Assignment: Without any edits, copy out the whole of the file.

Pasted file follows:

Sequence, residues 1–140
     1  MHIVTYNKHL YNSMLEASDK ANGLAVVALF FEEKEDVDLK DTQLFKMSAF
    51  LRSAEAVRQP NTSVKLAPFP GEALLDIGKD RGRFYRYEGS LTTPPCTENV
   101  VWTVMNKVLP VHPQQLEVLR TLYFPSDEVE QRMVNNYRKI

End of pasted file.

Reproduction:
Sequence, residues 1–140
     1  MHIVTYNKHL YNSMLEASDK ANGLAVVALF FEEKEDVDLK DTQLFKMSAF
    51  LRSAEAVRQP NTSVKLAPFP GEALLDIGKD RGRFYRYEGS LTTPPCTENV
   101  VWTVMNKVLP VHPQQLEVLR TLYFPSDEVE QRMVNNYRKI